For Bereaved Parents
That I will grieve as much, and for as long, as I feel like grieving, and that I will not let others put a time table on my grief.
That I will grieve in whatever way I feel like grieving, and I will ignore those who try to tell me what I should or should not be feeling and how I should or should not be behaving.
That I will cry whenever and wherever I feel like crying, and that
I will not hold back my tears just because someone else feels I should be "brave" or "getting better" or "healing by now."
That I will talk about my child as often as I want to, and that I will not let others turn me off just because they can't deal with their
That I will not expect family and friends to know how I feel, understanding that one who has not lost a child cannot possibly know how it feels.
That I will not blame myself for my child's death, and that I will constantly remind myself that I did the best job of parenting I could possibly have done. But when feelings of guilt are overwhelming, I will remind myself that this is a normal part of the grief process and it, too, will pass.
That I will not be afraid or ashamed to seek professional help if I feel
it is necessary.
That I will commune with my child at least once a day in whatever way feels comfortable and natural to me, and that I won't feel compelled to explain this communion to others or to justify or even discuss it with them.
That I will try to eat, sleep, and exercise every day in order to give my body the strength it will need to help me cope with my grief.
To know that I am not losing my mind, and I will remind myself that loss of memory, feelings of disorientation, lack of energy, and a sense of vulnerability are all normal parts of the grief process.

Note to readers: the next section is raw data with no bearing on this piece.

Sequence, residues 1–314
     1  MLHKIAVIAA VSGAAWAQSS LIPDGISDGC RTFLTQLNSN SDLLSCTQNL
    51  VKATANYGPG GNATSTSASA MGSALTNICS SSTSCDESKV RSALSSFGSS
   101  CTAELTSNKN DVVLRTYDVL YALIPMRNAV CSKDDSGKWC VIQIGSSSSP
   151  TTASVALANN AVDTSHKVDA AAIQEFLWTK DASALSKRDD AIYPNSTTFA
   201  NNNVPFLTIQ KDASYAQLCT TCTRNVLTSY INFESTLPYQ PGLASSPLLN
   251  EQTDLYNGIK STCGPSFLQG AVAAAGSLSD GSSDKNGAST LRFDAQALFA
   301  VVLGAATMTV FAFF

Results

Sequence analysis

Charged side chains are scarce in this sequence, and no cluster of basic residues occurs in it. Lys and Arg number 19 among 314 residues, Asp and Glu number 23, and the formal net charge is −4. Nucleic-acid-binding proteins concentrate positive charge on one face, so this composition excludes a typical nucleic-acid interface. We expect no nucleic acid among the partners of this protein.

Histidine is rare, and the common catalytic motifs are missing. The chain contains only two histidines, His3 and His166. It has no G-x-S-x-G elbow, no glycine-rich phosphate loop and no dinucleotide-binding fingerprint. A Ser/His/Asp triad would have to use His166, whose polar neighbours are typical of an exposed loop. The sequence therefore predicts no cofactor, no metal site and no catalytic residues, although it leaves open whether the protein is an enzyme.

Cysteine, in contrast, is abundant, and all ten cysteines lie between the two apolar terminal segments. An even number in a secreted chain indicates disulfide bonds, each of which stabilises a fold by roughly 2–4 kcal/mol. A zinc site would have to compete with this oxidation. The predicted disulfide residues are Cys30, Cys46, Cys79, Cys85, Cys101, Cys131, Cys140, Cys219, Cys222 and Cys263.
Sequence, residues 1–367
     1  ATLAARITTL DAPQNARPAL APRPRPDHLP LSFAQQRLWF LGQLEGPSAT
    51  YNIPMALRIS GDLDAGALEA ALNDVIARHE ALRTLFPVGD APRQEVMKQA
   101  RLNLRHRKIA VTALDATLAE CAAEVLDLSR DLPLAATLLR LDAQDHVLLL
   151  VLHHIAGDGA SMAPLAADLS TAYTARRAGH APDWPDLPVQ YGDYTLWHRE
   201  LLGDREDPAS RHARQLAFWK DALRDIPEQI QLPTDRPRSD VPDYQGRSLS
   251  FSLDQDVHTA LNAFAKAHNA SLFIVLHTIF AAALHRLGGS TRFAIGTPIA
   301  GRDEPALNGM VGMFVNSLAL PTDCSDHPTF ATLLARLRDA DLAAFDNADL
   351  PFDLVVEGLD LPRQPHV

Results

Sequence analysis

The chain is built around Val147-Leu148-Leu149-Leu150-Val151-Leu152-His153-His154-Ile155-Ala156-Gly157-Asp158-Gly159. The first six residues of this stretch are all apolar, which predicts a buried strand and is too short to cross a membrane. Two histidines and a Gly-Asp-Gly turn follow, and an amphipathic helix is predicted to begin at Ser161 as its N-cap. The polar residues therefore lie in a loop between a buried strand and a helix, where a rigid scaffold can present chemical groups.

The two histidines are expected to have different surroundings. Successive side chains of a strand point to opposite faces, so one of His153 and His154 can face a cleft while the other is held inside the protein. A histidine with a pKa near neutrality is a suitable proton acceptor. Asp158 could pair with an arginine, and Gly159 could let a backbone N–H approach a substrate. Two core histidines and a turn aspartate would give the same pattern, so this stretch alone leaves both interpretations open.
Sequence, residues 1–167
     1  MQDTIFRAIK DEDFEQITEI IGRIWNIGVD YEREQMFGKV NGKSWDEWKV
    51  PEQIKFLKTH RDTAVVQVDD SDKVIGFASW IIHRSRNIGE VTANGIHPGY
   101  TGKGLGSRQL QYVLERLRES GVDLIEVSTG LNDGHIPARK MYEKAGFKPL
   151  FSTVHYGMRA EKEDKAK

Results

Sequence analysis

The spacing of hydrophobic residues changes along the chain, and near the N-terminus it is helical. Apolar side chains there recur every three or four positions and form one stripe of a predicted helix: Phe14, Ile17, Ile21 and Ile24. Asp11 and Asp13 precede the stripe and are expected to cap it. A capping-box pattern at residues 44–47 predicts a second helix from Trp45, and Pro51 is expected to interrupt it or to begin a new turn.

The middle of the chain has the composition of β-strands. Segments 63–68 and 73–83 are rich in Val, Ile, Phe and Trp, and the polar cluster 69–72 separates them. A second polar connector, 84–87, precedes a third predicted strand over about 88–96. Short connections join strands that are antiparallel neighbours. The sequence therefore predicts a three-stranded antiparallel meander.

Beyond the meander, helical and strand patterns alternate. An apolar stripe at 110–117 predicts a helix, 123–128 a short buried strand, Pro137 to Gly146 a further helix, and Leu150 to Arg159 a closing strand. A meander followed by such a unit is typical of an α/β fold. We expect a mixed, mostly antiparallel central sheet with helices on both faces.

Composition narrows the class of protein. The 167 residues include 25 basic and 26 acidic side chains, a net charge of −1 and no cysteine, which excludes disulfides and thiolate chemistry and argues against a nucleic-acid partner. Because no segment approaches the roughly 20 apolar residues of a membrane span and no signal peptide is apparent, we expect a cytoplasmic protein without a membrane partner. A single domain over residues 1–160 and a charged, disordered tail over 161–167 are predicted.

To know that I will heal, even though it may take a long time.
To let myself heal and not to feel guilty about feeling better.
To remind myself that the grief process is circuitous - that is, I will not make steady upward progress. And when I find myself slipping back into the old moods of despair and depression, I will tell myself that 'slipping backward" is also a normal part of the grief process and these moods, too, will pass.
To try to be happy about something for some part of every day, knowing that at first, I may have to force myself to think cheerful thoughts, so eventually they may become a habit.
That I will reach out at times, and try to help someone else, knowing that helping others will help me to get over my depression.
That even though my child is dead, I will opt for life, knowing that is what my child would want me to do.
Well written, and helpful for those whose need it focuses on. How very true.
I think it's just beautiful.
|All times are GMT -5. The time now is 05:50 PM.|
Powered by vBulletin® Version 3.8.8
Copyright ©2000 - 2021, vBulletin Solutions, Inc.
Shoutbox provided by vBShout v6.2.1 (Lite) - vBulletin Mods & Addons Copyright © 2021 DragonByte Technologies Ltd.
vBulletin Security provided by vBSecurity v2.2.2 (Pro) - vBulletin Mods & Addons Copyright © 2021 DragonByte Technologies Ltd.